Whenever a homeowner association (HOA) starts thinking in terms of a construction defect lawsuit against its developer and/or builder, its board members will inevitably be confronted with the purported risk and liability to their homeowners if they do not pursue the alleged defects and deficiencies brought to their attention.
Not surprisingly, the board members are on occasion led to believe that pursuing such claims is synonymous with acting in the homeowners’ “best interests.” Further—and unfortunately—board members often feel as though they will breach their obligation to the homeowners if they don’t agree to proceed with such claims.
Nevertheless, how well do we really know what the board members’ duty actually consists of, when it applies, and what potential liability exists for a board member’s breach of same? The answers might surprise you.
Colorado’s Common Interest Ownership Act, which was enacted ideally to “establish a clear, comprehensive, and uniform framework for the creation and operation of common interest communities” – but which in reality provides the statutory basis for most multi-family construction defect lawsuits – describes a board member’s duty of care in express and unequivocal terms:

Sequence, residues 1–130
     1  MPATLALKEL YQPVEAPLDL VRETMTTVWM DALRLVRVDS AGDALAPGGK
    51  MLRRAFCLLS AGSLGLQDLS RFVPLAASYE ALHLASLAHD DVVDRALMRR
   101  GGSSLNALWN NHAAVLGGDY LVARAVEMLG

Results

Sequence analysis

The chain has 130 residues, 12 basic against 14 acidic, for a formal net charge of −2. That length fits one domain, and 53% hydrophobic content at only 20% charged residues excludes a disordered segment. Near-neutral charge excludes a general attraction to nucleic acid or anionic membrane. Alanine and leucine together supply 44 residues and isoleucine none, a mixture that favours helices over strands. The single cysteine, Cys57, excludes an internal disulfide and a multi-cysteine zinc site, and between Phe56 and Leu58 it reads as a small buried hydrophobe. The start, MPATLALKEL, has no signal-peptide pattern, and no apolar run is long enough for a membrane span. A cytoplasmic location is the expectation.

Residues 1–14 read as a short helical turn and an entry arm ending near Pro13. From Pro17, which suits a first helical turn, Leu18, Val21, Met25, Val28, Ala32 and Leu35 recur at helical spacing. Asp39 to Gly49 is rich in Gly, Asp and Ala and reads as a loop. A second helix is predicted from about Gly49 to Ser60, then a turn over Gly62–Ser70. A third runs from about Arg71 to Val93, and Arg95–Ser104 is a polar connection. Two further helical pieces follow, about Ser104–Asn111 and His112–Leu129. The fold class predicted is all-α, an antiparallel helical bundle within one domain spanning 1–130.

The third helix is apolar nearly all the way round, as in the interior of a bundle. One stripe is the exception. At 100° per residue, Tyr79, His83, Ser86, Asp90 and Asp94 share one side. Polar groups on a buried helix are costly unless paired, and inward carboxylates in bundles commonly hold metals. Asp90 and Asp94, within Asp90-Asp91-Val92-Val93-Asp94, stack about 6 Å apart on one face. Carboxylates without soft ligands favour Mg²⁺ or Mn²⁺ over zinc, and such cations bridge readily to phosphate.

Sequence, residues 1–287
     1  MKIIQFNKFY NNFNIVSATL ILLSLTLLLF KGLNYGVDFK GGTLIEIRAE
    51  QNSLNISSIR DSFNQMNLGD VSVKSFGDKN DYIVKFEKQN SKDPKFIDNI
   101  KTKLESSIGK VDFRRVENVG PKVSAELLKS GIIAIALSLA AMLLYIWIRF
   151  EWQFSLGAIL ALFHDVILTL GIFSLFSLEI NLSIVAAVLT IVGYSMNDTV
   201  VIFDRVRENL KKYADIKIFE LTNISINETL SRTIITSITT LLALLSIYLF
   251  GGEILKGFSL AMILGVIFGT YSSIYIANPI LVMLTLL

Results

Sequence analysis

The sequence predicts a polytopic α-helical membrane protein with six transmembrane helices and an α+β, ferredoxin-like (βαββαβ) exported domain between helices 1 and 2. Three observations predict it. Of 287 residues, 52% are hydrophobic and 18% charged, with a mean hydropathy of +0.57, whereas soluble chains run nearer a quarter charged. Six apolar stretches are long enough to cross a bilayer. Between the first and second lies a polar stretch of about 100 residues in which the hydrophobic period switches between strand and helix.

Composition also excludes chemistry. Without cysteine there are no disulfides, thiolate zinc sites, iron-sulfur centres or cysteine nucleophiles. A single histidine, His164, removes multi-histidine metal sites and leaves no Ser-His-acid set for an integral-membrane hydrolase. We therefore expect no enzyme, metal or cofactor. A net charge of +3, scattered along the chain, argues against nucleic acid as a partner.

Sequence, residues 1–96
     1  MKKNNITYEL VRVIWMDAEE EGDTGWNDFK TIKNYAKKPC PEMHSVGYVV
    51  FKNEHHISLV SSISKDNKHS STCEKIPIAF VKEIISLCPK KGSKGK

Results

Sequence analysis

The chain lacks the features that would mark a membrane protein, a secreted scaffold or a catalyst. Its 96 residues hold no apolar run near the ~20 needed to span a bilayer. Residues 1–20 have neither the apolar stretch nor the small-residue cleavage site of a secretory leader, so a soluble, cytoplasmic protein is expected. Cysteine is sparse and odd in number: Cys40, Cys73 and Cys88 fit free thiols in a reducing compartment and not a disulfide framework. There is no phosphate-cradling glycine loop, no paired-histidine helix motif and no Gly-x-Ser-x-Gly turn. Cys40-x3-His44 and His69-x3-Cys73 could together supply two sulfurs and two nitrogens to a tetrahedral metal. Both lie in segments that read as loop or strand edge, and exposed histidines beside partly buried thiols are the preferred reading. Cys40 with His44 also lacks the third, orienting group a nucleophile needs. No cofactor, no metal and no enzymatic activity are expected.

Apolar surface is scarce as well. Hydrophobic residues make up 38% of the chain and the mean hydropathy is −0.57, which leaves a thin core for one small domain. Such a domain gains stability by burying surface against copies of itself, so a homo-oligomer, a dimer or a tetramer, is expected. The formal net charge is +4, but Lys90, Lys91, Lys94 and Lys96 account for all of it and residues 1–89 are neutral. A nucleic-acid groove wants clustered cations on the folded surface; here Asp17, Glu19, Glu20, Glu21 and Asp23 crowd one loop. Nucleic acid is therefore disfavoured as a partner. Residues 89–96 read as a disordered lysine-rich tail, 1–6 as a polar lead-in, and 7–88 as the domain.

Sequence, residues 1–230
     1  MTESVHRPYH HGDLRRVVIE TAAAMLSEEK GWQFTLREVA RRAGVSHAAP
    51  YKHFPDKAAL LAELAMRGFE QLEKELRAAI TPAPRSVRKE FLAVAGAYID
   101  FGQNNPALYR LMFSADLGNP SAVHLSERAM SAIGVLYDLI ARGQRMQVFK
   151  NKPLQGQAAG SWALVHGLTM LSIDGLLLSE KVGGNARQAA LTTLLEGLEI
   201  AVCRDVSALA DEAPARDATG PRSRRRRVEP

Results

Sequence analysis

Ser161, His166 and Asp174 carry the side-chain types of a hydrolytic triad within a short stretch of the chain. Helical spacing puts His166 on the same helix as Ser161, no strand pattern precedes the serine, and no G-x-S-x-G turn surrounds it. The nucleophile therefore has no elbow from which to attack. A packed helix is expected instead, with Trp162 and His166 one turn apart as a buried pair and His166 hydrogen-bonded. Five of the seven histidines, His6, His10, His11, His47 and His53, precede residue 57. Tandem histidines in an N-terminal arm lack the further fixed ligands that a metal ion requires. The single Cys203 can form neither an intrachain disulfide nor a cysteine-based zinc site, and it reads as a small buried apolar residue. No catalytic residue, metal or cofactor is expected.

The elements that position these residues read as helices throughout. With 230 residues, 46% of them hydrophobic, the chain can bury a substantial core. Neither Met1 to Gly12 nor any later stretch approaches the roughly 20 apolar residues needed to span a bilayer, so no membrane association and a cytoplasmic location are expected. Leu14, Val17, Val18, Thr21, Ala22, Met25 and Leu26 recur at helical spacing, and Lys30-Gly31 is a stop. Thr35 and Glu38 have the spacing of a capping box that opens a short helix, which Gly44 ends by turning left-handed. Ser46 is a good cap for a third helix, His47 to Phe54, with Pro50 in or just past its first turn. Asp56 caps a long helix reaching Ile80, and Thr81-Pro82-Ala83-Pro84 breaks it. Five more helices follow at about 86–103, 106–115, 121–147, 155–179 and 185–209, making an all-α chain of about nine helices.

Except as otherwise provided in subsection (2.5) of this section [pertaining to the investment of the association’s reserve funds]:
Furthermore, Colorado law makes it clear that courts will generally not interfere with a board member’s decision regarding whether to pursue a claim, provided they engage in a “reasonable and honest exercise of [that] judgment.” See Rywalt v. Writer Corp., 526 P.2d 316 (Colo. 1974).
In the context of a board member’s decision to [or not to] pursue claims against a developer or builder for alleged construction defects, it reasonably follows that such a board member will not be subject to liability unless they willfully or wantonly fail to exercise judgment and discretion in good faith.
Given Colorado’s construction litigation climate, where homeowners and communities are subjected to long and frustrating legal battles with uncertain results (while the attorneys and forensic experts profit), it begs the question whether the board members’ decision to pursue such claims was really in the homeowners’ best interests in the first place.
For additional information regarding Colorado construction litigation, please contact David M. McLain at (303) 987-9813 or by e-mail at firstname.lastname@example.org.